The Fresh Loaf

News & Information for Amateur Bakers and Artisan Bread Enthusiasts

My 1st wheat bread...Memo's Bread...thanks to Zola Blue's recipe

Patti Y's picture
Patti Y

My 1st wheat bread...Memo's Bread...thanks to Zola Blue's recipe

My first wheat bread. Memo's Bread.

A little light colored compared to others I have seen. Very airy and light textured. A little too airy and open, but it is my first. I used really old, very shiny loaf pans that were my grandmother-in-law's. I used my Ankarsrum mixer, and it is so nice to not have to knead by hand.

I baked until the loaves had an internal temperature of 202° F. 

 

DanAyo's picture
DanAyo

Patti, try to make your images bigger. The way you do that is by entering a pixel width in the image upload box. For large images I use 600. You only have to specify the width, the software will calculate the height (in proportion) for you.

Dan

DesigningWoman's picture
DesigningWoman

How are you? We haven't seen you in awhile. Hope all is well.

Carole

Patti Y's picture
Patti Y

I didn't want to make it too large, but a thumbnail was easy.

A small picture hides my mistakes...like lopsided loaves! 😀

 I forgot to get a picture before I sliced it.

I couldn't spread peanut butter on the slices...way too light to hold it. 

 

DanAyo's picture
DanAyo

Thanks for asking, Carole. All is well. Patsy and I are in the process of a complete update of our home interior. With the exception of the flooring all work will be done by us. 

We’ve been busy...

Danny

albacore's picture
albacore

I was also thinking you were very quiet on here! I hope you're revamping the kitchen with space for a deck oven ;)

Lance

DanAyo's picture
DanAyo

No Lance. I’m sticking with my home oven. I super strongly considered a Rofco, but space is limited. 

At present, I’m on paint detail. 

albacore's picture
albacore

Rofco looks good, but only if you can work it enough to jusify the cost and, equally importantly, the space.

Lance

DesigningWoman's picture
DesigningWoman

that you're well. Been missing your lofty bakes and wondrous experiments. 

Have fun and be careful with your hands!

Carole 

treesparrow's picture
treesparrow

congrats, I like how even-textured it is (personally, I'm not so keen on large holes). Funny though, I find the kneading by hand is the best part of the process :-)

Nice tins, too. Now on to the next batch! There can't be a lot left of that first one...

DesigningWoman's picture
DesigningWoman

Kneading is the most relaxing part of the process! 

Agree also that that crumb is just calling out to be slathered with any number of things!

Keep on baking.

Carole 

Patti Y's picture
Patti Y

Thanks. It is so airy that butter or jelly goes right through to the other side. Can't really make a sandwich out of it. It just falls apart.  I don't  know what I did wrong...maybe I let it rise too long.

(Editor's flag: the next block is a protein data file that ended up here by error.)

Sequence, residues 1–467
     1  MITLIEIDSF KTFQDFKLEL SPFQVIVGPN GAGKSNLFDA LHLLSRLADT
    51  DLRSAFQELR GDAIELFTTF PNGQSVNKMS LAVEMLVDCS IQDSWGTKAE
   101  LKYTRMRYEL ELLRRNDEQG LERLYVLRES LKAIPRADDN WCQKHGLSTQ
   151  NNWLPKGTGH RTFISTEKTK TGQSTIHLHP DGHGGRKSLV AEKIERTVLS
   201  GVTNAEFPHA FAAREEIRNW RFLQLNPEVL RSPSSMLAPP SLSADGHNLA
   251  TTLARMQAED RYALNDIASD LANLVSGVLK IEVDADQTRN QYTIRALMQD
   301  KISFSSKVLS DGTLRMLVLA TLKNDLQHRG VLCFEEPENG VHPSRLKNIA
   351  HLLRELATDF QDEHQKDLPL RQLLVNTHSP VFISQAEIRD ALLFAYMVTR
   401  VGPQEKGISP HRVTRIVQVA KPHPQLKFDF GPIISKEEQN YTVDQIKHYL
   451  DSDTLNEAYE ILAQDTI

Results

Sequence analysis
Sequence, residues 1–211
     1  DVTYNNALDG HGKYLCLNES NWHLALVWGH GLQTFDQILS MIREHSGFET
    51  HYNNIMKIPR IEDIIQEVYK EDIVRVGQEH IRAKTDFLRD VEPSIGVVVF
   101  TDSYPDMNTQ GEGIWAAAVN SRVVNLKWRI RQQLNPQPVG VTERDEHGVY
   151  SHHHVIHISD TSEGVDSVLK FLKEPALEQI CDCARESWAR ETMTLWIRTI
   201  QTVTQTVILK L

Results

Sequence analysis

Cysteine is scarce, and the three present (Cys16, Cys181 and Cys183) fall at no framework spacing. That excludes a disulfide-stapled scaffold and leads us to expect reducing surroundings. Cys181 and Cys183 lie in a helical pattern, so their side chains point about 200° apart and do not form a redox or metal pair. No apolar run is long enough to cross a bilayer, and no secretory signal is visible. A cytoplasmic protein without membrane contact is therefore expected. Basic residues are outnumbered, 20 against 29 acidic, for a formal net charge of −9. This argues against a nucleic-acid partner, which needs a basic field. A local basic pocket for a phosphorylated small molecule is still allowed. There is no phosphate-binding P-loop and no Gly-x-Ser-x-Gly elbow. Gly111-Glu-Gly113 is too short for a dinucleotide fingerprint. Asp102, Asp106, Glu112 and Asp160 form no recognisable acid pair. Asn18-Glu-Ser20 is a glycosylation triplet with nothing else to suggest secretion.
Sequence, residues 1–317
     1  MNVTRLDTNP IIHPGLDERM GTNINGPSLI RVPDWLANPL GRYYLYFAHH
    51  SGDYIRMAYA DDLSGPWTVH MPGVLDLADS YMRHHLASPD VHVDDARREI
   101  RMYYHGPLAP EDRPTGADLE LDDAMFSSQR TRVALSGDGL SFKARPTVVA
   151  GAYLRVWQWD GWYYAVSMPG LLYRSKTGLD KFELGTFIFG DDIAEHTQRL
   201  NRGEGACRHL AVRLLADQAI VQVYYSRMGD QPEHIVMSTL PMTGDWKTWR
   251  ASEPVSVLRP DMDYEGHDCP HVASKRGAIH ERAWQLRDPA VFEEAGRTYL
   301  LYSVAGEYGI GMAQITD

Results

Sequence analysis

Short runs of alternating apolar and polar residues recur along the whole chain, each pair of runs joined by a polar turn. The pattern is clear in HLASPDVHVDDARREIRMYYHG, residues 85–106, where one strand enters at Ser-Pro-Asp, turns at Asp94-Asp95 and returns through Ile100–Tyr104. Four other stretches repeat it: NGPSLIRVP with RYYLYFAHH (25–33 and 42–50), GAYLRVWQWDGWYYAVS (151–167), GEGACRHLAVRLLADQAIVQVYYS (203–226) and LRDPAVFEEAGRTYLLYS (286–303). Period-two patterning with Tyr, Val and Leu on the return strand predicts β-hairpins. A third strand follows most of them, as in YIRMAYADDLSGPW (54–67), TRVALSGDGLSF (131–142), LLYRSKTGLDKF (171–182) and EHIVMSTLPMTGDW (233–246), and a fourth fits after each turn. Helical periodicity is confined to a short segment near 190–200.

Buttermilk wheat bread is next. I am bound to do better...eventually! Tastes good though.

My fingers can't take the kneading anymore.  It is therapeutic though!

treesparrow's picture
treesparrow

and I've never used a mixer but I'm sure the more experienced loafers here can come up with ideas on why it might fall apart. Maybe the gluten network wasn't developed enough by mixing?

As for the kneading, did you ever try it this way?
https://www.youtube.com/watch?v=9dUZ0O-Wv0Q
It doesn't have to be hard on one's fingers... and in any case, this video never fails to cheer me up! Always makes me want to jump up and get doughing.

Patti Y's picture
Patti Y

Thanks, treesparrow. I had never seen the French technique before. Sort of a slap, stretch, and fold. 

I think my Ankarsrum is too gentle or I am just not letting it knead long enough.

Thanks for the video link!

treesparrow's picture
treesparrow

firstly: her happiness. Secondly: how she says "Just accept that it sticks" and carries on regardless. Then: how she shows that the way you handle the dough matters: touch it lightly as if it was hot.

What she doesn't specifically mention: how she lets the dough rest in between. It looks like it's not intentional as she gives all those explanations but it is very intentional. In one of her recent videos she recommends to alternate three minutes of kneading and three minutes of resting the dough, four times.

So by this kind of kneading you let the dough get oxygen, you rearrange the gluten strands, and then during its rest the gluten can relax, form new bonds and make longer and longer strands. All with a minimum of effort and a maximum of fun!

Patti Y's picture
Patti Y

Did she ever say the hydration of the dough? Did she say what kind of bread she was making in the video? White, wheat, rye, ......

treesparrow's picture
treesparrow

But it looks like white wheat flour to me. The window pane test gives it away. Even with a mix of white and wholemeal flour you don't get a window pane test like that. 
And rye doesn't need gluten development and stays sticky no matter how much you knead it, which is why pure rye bread is almost always baked in tins.

As for hydration: if after following whatever recipe I can't knead the dough like Babette because it's too dry, I simply add small amounts of water (just by wetting my hands) until I can :-)

alfanso's picture
alfanso

was my inspiration for French Folding my dough rather than using a mixer or the traditional way of kneading.  I use this method almost exclusively and it is very hard to over mix or overheat dough this way.  I even reference her and this same video on my own Bouabsa video posted a few years ago.